Assaying out-of-distribution generalization in transfer learning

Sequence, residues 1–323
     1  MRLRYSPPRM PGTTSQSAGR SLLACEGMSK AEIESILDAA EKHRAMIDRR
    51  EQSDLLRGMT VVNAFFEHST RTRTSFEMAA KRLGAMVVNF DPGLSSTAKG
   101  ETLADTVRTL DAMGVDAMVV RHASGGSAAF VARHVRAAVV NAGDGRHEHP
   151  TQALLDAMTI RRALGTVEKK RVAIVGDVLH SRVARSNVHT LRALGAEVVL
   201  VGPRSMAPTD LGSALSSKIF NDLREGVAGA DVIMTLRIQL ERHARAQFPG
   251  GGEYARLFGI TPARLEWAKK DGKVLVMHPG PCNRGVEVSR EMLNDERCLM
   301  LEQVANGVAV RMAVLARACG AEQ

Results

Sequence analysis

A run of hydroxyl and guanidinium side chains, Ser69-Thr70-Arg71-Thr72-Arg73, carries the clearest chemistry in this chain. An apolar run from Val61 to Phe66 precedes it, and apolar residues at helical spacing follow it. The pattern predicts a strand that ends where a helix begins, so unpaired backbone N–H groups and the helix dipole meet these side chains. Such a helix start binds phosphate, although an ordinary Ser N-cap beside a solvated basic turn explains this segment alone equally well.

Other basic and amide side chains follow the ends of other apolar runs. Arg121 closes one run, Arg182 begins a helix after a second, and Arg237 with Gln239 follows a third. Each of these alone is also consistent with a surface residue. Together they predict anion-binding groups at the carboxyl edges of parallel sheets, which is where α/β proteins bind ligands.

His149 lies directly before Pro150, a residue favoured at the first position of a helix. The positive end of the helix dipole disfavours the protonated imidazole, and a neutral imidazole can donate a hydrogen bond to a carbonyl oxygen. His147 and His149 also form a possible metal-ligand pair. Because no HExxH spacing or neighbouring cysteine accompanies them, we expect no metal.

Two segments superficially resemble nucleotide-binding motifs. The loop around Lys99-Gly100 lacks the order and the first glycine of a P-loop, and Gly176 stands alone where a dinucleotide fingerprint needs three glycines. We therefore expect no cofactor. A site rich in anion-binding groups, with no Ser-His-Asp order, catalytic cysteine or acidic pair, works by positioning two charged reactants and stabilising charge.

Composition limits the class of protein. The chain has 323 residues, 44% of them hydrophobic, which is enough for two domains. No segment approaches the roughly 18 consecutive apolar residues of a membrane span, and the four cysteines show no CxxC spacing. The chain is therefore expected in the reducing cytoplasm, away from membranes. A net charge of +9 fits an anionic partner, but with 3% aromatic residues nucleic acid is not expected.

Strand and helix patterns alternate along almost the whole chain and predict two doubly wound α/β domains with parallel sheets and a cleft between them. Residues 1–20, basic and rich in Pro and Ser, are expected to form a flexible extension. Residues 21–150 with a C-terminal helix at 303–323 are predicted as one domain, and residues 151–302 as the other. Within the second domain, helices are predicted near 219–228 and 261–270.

Since out-of-distribution generalization is a generally ill-posed problem, various proxy targets (e.g., calibration, adversarial robustness, algorithmic corruptions, invariance across shifts) were studied across different research programs resulting in different recommendations. While sharing the same aspirational goal, these approaches have never been tested under the same experimental conditions on real data. In this paper, we take a unified view of previous work, highlighting message discrepancies that we address empirically, and providing recommendations on how to measure the robustness of a model and how to improve it. To this end, we collect 172 publicly available dataset pairs for training and out-of-distribution evaluation of accuracy, calibration error, adversarial attacks, environment invariance, and synthetic corruptions. We fine-tune over 31k networks, from nine different architectures in the many- and few-shot setting. Our findings confirm that in- and out-of-distribution accuracies tend to increase jointly, but show that their relation is largely dataset-dependent, and in general more nuanced and more complex than posited by previous, smaller scale studies.